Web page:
Just like that, the Mets' market for Jay Bruce, which as of New Year's Day included as many as a half-dozen suitors, evaporated down to one or two.
It was with all that swirling around him that general manager Sandy Alderson recently admitted the Mets may not trade Bruce after all.
"Obviously the market for certain players, certain free agents and therefore trade candidates has been slow at best, nonexistent at worst," Alderson said late last week at Citi Field. "What we continue to do is reassess where we are and what our options are going forward, and those options range from doing something soon … or doing nothing. There are a variety of reasons for considering holding on to the players."
That statement stands in direct contrast to what Alderson and Mets officials have said all offseason, that the Mets would like to clear both Bruce's spot on the depth chart and his $13 million in salary. At the Winter Meetings in December, Alderson went as far as to suggest the Mets would make no further acquisitions until Bruce was off the books.
That much has held true; since re-signing Yoenis Cespedes, the Mets have done nothing more than make a handful of Minor League adds. But with Spring Training less than a month away, the Mets are now rethinking their strategy, finding the idea of increasing payroll to add a reliever more palatable than dumping off Bruce for little return.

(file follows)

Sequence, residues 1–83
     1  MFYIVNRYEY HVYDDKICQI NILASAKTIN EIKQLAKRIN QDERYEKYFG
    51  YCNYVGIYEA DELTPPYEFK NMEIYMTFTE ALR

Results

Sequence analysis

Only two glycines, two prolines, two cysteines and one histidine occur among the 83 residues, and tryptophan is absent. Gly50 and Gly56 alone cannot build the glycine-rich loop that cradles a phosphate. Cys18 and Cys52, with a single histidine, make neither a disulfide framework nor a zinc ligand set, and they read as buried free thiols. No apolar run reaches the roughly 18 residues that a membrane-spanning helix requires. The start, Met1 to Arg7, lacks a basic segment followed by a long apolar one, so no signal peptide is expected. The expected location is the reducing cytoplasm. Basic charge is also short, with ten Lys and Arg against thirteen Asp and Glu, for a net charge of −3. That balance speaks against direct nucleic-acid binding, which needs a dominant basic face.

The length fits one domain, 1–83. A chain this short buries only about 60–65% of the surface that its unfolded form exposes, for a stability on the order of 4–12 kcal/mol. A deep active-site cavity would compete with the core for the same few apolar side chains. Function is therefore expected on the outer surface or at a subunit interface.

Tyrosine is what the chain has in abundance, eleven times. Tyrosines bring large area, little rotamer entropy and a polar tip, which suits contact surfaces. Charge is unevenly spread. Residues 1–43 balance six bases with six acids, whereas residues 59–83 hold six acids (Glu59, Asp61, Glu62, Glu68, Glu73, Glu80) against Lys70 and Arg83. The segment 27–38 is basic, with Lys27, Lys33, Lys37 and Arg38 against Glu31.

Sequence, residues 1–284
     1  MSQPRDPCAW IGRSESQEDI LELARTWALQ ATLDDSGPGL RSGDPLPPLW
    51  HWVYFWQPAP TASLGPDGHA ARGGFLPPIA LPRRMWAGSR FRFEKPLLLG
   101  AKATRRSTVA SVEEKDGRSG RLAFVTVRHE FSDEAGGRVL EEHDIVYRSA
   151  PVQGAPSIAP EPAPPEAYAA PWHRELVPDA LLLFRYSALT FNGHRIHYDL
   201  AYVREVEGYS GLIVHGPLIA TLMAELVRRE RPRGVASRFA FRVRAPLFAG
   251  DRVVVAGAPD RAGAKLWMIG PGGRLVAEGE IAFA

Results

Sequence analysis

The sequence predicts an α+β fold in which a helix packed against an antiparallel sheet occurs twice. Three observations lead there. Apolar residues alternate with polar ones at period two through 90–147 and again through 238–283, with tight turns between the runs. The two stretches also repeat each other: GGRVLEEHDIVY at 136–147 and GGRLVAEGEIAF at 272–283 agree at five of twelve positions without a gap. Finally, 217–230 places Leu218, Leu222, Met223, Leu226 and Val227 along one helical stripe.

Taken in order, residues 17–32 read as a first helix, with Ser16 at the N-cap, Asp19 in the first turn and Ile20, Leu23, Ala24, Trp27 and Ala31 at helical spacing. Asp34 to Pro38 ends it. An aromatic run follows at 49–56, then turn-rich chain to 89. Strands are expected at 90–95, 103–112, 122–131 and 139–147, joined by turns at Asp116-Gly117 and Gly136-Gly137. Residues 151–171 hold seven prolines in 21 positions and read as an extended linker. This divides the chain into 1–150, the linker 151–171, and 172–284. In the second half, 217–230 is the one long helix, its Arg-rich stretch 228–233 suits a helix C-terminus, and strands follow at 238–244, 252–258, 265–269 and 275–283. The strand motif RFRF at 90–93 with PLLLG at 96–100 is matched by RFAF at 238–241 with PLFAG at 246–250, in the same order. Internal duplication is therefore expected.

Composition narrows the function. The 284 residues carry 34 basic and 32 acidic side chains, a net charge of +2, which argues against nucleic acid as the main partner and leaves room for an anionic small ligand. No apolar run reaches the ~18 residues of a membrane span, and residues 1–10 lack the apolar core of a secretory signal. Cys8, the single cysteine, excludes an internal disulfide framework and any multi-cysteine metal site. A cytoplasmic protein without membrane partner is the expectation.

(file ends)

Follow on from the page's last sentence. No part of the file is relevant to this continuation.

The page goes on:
All of this can still change, particularly with clubs such as the Rangers and Giants still seeking outfield help. But one of the Mets' main offseason agenda items -- trade Bruce no matter what -- no longer seems to apply.
"And keep in mind, we have a number of players coming off of injury," Alderson said. "So to the extent that we carry an extra outfielder or infielder into Spring Training isn't such a bad idea."
If Bruce does remain a Met, it will create a complicated outfield situation for manager Terry Collins, who must balance Bruce, Cespedes, Curtis Granderson, Michael Conforto and Juan Lagares on the same roster. In particular, the non-move would cut into Conforto's playing time at a critical juncture of his career.
But no move is permanent, and even if the Mets go into Spring Training with Bruce as their starting right fielder, they're liable to trade him eventually as injuries begin to hit camps around baseball.
"We just have to monitor our needs together with what other clubs may need and be able to respond under the circumstances," Alderson said.
Anthony DiComo has covered the Mets for MLB.com since 2008. Follow him on Twitter @AnthonyDiComo and Facebook, and listen to his podcast. This story was not subject to the approval of Major League Baseball or its clubs.